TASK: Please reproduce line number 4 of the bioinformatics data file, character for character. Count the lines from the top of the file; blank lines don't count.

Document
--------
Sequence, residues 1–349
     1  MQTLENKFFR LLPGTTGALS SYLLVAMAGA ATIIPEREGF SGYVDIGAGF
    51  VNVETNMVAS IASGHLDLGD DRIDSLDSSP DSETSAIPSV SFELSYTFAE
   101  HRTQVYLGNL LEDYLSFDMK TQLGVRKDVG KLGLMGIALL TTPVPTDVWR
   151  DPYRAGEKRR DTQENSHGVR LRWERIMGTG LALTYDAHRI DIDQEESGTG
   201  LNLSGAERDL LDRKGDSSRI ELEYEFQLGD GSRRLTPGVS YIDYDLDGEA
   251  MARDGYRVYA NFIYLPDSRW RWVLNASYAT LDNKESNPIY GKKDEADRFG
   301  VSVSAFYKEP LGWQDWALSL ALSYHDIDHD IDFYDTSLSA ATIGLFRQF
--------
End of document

   101  HRTQVYLGNL LEDYLSFDMK TQLGVRKDVG KLGLMGIALL TTPVPTDVWR